Bayes' Theorem

What is the 'Bayes' Theorem'

Bayes' theorem is a mathematical formula for determining conditional probability named after 18th-century British mathematician Thomas Bayes. The theorem provides a way to revise existing predictions or theories given new or additional evidence. In finance, Bayes' theorem can be used to rate the risk of lending money to potential borrowers.

The formula is as follows:

Also called "Bayes' Rule."

BREAKING DOWN 'Bayes' Theorem'

Applications of the theorem are widespread and not limited to the financial realm. As an example, Bayes' theorem can be used to determine the accuracy of medical test results by taking into consideration how likely any given person is to have a disease and the general accuracy of the test.

Bayes' theorem gives the probability of an event based on information that is or may be related to that event. The formula can be used to see how the probability of an event occurring is affected by new information, supposing the new information is true. For example, say a single card is drawn from a complete deck of 52 cards. The probability the card is a king is four divided by 52, or approximately 7.69%, since there are four kings in the deck. Now, suppose it is revealed the selected card is a face card. The probability the selected card is a king, given it is a face card, is four divided by 12, or approximately 33.3%, since there are 12 face cards in a deck.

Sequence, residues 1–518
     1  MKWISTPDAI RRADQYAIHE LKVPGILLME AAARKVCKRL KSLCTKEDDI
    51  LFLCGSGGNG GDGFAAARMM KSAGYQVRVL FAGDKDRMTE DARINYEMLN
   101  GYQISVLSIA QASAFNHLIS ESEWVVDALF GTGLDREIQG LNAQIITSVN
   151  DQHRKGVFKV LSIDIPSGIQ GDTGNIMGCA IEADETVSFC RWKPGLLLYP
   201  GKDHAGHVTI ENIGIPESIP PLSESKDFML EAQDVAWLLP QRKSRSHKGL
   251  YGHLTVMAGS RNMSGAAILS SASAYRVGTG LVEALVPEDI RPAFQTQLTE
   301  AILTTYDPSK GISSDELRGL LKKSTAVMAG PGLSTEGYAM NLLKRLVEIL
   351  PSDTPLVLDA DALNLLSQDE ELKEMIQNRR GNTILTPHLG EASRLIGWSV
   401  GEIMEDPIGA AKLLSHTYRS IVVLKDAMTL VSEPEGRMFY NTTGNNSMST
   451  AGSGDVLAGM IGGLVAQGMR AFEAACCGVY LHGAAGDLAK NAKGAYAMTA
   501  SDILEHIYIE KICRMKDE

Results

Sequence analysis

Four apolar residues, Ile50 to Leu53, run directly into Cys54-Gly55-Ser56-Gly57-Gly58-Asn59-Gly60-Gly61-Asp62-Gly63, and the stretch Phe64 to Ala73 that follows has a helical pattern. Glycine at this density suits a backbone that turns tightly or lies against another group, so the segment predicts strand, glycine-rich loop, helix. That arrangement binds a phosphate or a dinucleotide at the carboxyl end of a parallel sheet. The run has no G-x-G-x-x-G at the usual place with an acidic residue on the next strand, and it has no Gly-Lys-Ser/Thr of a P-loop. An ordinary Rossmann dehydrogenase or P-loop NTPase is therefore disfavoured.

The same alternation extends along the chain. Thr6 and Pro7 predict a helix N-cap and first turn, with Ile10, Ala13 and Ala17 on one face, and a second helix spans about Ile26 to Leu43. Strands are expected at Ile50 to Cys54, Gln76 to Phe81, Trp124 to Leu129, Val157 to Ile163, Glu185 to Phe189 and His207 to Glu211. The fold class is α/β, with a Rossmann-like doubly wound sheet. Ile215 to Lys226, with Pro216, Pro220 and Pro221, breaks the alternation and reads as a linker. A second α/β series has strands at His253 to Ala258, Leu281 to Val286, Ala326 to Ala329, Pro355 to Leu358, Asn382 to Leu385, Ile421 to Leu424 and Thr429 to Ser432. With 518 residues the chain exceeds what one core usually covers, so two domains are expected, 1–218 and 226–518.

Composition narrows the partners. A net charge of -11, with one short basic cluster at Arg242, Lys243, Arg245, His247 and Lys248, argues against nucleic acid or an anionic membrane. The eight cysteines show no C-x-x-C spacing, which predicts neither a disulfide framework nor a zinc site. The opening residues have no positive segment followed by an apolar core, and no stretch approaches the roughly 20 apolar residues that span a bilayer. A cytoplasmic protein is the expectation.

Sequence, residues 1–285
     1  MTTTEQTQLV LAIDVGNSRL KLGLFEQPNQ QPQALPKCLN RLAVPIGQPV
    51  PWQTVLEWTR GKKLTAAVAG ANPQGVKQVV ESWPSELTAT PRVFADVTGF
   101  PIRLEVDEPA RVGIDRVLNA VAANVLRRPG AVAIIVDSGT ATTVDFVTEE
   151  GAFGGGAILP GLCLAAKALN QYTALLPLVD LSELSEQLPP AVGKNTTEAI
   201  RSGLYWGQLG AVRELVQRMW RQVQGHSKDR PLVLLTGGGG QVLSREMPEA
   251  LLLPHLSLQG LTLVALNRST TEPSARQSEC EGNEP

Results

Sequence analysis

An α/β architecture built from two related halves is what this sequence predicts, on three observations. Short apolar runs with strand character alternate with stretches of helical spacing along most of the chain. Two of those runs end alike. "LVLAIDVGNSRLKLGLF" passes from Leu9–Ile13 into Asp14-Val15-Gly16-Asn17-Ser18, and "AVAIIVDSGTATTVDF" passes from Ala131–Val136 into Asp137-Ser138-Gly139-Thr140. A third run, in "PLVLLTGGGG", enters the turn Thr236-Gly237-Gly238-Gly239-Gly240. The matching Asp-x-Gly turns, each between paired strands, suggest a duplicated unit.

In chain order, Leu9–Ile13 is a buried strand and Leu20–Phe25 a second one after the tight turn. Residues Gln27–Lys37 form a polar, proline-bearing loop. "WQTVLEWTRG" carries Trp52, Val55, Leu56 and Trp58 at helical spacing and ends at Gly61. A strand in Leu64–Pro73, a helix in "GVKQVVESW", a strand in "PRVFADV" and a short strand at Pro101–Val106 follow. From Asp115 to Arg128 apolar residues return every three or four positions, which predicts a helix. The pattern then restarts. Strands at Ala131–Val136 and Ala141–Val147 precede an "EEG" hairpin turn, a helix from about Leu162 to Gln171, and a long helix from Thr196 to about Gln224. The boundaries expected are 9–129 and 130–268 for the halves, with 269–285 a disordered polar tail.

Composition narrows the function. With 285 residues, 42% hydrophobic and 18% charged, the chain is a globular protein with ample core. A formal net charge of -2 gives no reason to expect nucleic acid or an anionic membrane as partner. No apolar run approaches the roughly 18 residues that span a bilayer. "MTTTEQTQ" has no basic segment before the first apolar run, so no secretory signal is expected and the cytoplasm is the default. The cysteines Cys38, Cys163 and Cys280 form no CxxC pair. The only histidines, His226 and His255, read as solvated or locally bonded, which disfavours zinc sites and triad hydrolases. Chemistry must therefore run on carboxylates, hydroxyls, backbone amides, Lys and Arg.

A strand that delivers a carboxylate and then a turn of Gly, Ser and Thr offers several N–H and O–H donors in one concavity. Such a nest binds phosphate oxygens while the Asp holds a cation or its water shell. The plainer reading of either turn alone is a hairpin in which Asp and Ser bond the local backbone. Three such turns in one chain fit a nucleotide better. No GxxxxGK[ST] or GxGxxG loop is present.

Bayes' Theorem Formula

The formula is written as P(A|B) = P(B|A) * P(A) / P(B). P(A) and P(B) are the probabilities of A and B without regard to each other. P(B|A) is the probability that B will occur given A is true. Finally, the answer, P(A|B) is the conditional probability of A occurring given B is true.

As another example, imagine there is a drug test that is 98% accurate, meaning 98% of the time it shows a true positive result for someone using the drug and 98% of the time it shows a true negative result for nonusers of the drug. Next, assume 0.5% of people use the drug. If a person selected at random tests positive for the drug, the following calculation can be made to see the probability the person is actually a user of the drug.

(0.98 * 0.005) / ((0.98 * 0.005) + (0.02 * 0.995)) = 0.0049 / (0.0049 + 0.0199) = 19.76%

Bayes' theorem shows that even if a person tested positive in this scenario, it is actually much more likely the person is not a user of the drug.

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